In his book Call Sign Chaos, Jim Mattis makes this argument: “Success on the battlefield, where opportunities and dangers open and close in a few compact and intense minutes, comes from aggressive junior officers with a strong bias for action (my italics).” He continues, “To instill that trust…as young officers, we learn how to convey our intent so that it passes intact through the layers of intermediate leadership to our youngest Marines.”
Mattis’ words provide a challenge to CEOs and other C-suite leaders (including to me, as CEO of The Bailey Group). Specifically, have we been effective at communicating strategic intent?
How do Marine Corps officers communicate intent? Quoting Mattis, “The critical information is your intent, summed up in the phrase “in order to.” Mattis gives an example of a well stated intent: “We will attack that bridge in order to cut off the enemy’s escape.” Thus, if a platoon seizes the bridge and cuts off the enemy, the mission is a success. But if the bridge is captured and the enemy is escaping, the platoon commander, without further orders, will move to cut off the enemy’s escape based on a shared understanding of the “why” of the mission.
I began thinking about how this applies to strategy at The Bailey Group. One of our strategic objectives is to install a Sales Operating System. Using Mattis’ model, communicating intent would sound like: “We will install a sales operating system in order to create new sales opportunities and more predictable quarterly sales results.” With this clear intent, consultants are free to create their own plans for achieving the desired results.
Viscount Slim was a British field commander in World War II. In his book Defeat into Victory, Slim wrote, “Commanders at all levels had to act more on their own; they were given greater latitude to work out their own plans to achieve what they knew was the Army Commander’s intention. In time, they developed a marked degree of flexibility of mind and firmness of decision that enabled them to act swiftly to take advantage of sudden information or changing circumstances without reference to their superiors…This acting without orders…or without waiting for approval, yet always within the overall intention, must become second nature…”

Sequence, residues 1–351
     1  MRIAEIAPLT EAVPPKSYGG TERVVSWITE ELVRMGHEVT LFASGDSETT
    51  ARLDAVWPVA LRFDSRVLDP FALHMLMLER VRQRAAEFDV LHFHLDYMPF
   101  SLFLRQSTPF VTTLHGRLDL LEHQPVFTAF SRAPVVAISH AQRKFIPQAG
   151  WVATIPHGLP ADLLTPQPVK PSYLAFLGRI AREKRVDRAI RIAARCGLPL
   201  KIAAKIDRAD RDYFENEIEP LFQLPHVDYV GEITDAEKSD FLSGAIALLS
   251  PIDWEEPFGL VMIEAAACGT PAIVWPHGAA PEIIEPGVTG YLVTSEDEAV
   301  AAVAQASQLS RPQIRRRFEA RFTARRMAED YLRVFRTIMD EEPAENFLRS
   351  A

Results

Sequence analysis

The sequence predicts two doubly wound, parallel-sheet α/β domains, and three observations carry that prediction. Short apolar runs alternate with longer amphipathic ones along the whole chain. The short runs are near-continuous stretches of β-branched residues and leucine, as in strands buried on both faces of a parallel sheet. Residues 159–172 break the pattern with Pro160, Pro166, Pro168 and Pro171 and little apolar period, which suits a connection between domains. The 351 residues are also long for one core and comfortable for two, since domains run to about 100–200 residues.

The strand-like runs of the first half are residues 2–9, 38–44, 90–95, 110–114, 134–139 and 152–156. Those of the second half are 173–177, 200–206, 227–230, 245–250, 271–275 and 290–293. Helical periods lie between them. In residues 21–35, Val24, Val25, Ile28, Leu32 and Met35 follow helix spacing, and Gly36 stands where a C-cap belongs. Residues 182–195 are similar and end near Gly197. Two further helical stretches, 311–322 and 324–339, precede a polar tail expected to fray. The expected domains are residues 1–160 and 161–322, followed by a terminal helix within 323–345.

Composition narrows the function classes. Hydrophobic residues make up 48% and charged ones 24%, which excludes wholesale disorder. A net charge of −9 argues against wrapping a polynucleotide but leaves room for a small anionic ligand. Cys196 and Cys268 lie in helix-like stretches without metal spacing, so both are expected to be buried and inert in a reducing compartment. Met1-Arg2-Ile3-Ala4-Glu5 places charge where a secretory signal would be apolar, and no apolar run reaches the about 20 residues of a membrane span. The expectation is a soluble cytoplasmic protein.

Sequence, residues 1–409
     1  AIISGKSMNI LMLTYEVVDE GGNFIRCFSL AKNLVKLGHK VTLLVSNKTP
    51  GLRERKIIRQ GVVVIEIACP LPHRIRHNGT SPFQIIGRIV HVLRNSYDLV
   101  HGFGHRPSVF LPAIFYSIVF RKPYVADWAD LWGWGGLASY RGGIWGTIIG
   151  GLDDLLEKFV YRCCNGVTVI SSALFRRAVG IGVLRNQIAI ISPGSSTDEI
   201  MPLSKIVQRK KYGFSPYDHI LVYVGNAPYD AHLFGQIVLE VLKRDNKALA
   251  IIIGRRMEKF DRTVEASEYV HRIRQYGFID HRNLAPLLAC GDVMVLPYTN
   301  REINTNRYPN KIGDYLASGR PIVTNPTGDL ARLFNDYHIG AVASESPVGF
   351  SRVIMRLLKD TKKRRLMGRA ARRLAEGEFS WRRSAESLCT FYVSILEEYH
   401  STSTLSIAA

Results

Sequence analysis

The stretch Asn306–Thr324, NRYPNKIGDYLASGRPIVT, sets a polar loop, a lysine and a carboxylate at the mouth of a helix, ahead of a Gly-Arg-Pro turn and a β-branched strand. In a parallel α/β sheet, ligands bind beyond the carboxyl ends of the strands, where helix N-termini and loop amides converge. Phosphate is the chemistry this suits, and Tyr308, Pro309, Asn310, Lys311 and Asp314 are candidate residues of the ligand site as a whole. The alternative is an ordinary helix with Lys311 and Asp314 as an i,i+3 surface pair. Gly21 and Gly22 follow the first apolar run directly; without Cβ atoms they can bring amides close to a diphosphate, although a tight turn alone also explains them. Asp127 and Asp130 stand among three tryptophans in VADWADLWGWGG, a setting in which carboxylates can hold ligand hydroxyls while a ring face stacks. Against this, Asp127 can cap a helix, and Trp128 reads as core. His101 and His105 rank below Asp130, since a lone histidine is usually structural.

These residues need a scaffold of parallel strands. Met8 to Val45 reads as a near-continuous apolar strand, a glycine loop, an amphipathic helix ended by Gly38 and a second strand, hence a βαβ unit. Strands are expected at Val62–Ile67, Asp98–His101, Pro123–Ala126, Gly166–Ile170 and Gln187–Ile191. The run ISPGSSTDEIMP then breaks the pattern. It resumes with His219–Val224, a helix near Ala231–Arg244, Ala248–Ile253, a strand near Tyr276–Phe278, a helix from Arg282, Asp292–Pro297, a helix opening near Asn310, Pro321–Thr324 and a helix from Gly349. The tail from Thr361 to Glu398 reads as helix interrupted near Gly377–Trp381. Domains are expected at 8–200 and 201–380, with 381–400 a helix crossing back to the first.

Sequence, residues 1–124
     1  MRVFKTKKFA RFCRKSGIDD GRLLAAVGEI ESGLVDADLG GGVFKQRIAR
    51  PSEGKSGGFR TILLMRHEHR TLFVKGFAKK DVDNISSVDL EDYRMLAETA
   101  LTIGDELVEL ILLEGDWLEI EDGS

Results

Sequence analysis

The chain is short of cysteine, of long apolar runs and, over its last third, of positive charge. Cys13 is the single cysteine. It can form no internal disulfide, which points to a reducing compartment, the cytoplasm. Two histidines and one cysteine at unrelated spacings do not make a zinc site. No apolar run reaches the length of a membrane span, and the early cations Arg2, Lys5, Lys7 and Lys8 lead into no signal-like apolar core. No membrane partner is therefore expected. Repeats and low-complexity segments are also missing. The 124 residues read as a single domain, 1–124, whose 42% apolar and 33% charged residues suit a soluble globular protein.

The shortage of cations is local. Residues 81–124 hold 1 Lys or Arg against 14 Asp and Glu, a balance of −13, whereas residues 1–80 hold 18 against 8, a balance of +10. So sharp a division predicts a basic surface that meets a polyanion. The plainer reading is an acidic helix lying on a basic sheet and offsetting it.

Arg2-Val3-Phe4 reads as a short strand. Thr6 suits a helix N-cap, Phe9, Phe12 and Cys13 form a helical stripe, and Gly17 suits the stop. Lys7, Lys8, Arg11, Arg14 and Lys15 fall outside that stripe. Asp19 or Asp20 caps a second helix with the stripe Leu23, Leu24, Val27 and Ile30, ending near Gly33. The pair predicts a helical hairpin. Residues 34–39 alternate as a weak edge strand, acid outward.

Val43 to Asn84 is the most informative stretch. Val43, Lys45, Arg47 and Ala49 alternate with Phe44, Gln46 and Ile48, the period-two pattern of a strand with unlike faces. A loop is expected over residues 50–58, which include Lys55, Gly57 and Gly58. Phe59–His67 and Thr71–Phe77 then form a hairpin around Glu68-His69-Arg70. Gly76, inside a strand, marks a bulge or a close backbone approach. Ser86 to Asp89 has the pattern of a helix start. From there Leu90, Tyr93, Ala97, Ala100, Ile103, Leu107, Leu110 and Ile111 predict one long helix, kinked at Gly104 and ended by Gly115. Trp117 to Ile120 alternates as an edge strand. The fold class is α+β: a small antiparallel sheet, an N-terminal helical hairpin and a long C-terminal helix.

Executive leadership is faced with the challenge of maximizing the contribution of leaders at all levels, particularly leaders one level below executive leadership. A common complaint is that this level of leadership is risk averse, lacking in innovative thinking, and tends to wait for direction rather than taking initiative. Mattis places responsibility for “unleashing audacity” on executive leadership. In his words, “If [you] expect subordinates to seize fleeting opportunities under stress, [your] organization must reward this behavior in all facets of training, promoting and commending.” In other words, your followers respond to the behaviors you model and reward. To get more initiative and innovation from followers, you must change how you lead.
If creating initiative and audacity in high potential leaders is one of your strategic objectives, send me an email and let’s have coffee to discuss how Marine Corps leadership principles might apply in your organization. It could be fun, and we would both learn something for sure!